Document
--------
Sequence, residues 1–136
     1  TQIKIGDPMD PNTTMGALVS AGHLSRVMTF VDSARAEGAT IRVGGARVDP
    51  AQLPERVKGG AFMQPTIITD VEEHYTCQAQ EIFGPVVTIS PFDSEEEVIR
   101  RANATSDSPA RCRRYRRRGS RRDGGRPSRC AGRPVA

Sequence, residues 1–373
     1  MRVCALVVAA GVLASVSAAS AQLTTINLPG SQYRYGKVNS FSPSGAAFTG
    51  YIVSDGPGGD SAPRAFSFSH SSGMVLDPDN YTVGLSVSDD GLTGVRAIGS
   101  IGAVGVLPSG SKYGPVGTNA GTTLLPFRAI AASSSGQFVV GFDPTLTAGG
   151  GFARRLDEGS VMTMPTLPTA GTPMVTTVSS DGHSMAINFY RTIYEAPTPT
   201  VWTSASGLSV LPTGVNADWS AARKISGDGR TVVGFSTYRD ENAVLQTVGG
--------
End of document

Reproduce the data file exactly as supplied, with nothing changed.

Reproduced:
Sequence, residues 1–136
     1  TQIKIGDPMD PNTTMGALVS AGHLSRVMTF VDSARAEGAT IRVGGARVDP
    51  AQLPERVKGG AFMQPTIITD VEEHYTCQAQ EIFGPVVTIS PFDSEEEVIR
   101  RANATSDSPA RCRRYRRRGS RRDGGRPSRC AGRPVA

Sequence, residues 1–373
     1  MRVCALVVAA GVLASVSAAS AQLTTINLPG SQYRYGKVNS FSPSGAAFTG
    51  YIVSDGPGGD SAPRAFSFSH SSGMVLDPDN YTVGLSVSDD GLTGVRAIGS
   101  IGAVGVLPSG SKYGPVGTNA GTTLLPFRAI AASSSGQFVV GFDPTLTAGG
   151  GFARRLDEGS VMTMPTLPTA GTPMVTTVSS DGHSMAINFY RTIYEAPTPT
   201  VWTSASGLSV LPTGVNADWS AARKISGDGR TVVGFSTYRD ENAVLQTVGG